It’s Monday, What are You Reading is a meme hosted by Jen from Teach Mentor Texts and Kellee and Ricki from Unleashing Readers (brainchild of Sheila at BookJourney). Since two of our friends, Linda from Teacher Dance and Tara from A Teaching Life have been joining this meme for quite awhile now, we thought of joining this warm and inviting community.
Last Week’s Review and Miscellany Posts
We’re also inviting everyone to join our Check Off your Reading List Challenge 2014.
Click here to sign up. If you have already signed up, here is the January-March linky where you can link up your reviews or updates from your reading list.
These two picture books are essentially fairy tales that would have fit quite snugly as well into our previous theme on Faeries, Spirit-Stars, Goddesses and Celestial Beings. Just goes to show how everything is infinitely interwoven into some magical cosmic pattern of sorts.
The Enchanted Wood
Written and Illustrated by: Ruth Sanderson
Published by: Little Brown and Company, 1991
Borrowed from the library. Book photos taken by me.
This picture book follows the age-old formula of classic traditional tales with a king heartbroken by the death of his queen, an ailing Kingdom on the verge of starvation, and three princes who are provided with the quest to restore the kingdom’s bounty to prove who among them is worthy to be King. Throw in the Heart of the World found inside an Enchanted Forest, a peasant lady, white stag, and a silent black knight, and you have a timeless fairy tale in your hands.
As can be seen from the illustration above, this story captures the elegance of royalty and the need for valiant, heroic deeds to heal a broken heart and restore an entire Kingdom. Just like Ruskin’s The King of the Golden River which I reviewed last week, the two elder brothers in this story are haughty, arrogant, and seem to have grown up with a precious sense of entitlement about who they are and their place in the world.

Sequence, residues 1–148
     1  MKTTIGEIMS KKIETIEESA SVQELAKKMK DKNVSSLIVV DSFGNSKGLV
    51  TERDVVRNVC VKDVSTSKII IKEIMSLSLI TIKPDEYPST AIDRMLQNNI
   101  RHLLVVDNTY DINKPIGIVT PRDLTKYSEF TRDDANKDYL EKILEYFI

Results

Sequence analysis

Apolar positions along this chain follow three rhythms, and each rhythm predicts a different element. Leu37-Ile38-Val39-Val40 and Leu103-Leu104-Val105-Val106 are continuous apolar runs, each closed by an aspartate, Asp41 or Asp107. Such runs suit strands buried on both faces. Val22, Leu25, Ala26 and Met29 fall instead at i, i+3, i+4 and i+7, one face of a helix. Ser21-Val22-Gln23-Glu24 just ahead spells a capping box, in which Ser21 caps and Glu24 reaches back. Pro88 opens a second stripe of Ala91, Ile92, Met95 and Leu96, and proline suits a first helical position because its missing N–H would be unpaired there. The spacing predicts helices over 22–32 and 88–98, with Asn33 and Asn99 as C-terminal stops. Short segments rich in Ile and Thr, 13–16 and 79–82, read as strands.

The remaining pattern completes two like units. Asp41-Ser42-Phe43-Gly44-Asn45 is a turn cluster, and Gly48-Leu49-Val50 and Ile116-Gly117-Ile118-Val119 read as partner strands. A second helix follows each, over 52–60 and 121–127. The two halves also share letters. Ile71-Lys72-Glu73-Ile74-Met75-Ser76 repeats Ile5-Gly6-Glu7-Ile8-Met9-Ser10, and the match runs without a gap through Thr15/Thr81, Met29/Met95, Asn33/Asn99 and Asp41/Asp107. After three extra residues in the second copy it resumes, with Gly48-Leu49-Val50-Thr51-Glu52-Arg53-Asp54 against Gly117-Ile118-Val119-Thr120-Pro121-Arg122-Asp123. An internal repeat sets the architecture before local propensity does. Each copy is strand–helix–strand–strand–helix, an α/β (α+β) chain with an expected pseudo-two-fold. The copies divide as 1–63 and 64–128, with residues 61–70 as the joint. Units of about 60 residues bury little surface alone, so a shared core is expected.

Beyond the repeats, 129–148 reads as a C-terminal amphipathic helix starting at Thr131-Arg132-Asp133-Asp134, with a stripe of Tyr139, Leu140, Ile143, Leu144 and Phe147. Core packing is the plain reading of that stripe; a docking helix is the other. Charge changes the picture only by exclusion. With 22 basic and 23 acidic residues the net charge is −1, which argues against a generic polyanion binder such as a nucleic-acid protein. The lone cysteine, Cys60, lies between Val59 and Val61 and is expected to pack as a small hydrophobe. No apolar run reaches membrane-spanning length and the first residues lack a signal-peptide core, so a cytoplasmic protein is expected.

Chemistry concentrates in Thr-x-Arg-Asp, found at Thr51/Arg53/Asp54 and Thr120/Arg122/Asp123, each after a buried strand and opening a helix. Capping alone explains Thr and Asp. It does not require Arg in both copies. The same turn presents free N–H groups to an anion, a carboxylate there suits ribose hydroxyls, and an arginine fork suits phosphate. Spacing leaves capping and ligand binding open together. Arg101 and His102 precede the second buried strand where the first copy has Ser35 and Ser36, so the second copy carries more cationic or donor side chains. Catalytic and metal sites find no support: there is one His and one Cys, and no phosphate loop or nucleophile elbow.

Not that you can blame them, really, they are princes after all. The youngest however, is pure of spirit and with a refreshing sense of humility and selflessness. All three brothers were specifically warned by the gatekeeper of the enchanted forest never to stray from their path or sense of purpose. However, the eldest who thought of himself as a master huntsman, was ensnared by the sight of a perfect white stag. The second son who thought of himself as a great warrior was distracted by the sight of the black knight above.
I loved how the presence of this simple, peasant girl named Rose, daughter of the enchanted forest’s gatekeeper, changed everything for the youngest son, Galen. With his two older brothers missing, Galen went to the Forest to find them and the Heart of the World to save his father’s kingdom. I see now that what attracts me to fairy tales most of all is how simple things can be with goodness of heart prevailing over greed, avarice, and pride.
Written and Illustrated By: Robin Muller
Published by: Tundra Books, 1991
Borrowed from the library. Book photos taken by me.
After I have finished reading this book, I realized that we have actually featured a different version of this tale in Tam Lin by Susan Cooper and illustrated by Warwick Hutton.
The story begins with an ordinary forest being transformed into a dark, tangled, impenetrable Nightwood, the home of the much-feared Elfin Queen.
Children, who played beneath the forest’s boughs, were never seen again. Even brave knights, daring to explore the secrets of the wood, vanished. Only their empty armor was ever found, broken and pierced by thorns.
This part of the forest is actually owned by the Earl of March who had a wilful daughter named Elaine. For some reason, she was drawn to the Nightwood even though she was repeatedly warned by her nurse that it was folly to test the Elfin Queen’s patience and wander into the forest lest she be swallowed by it.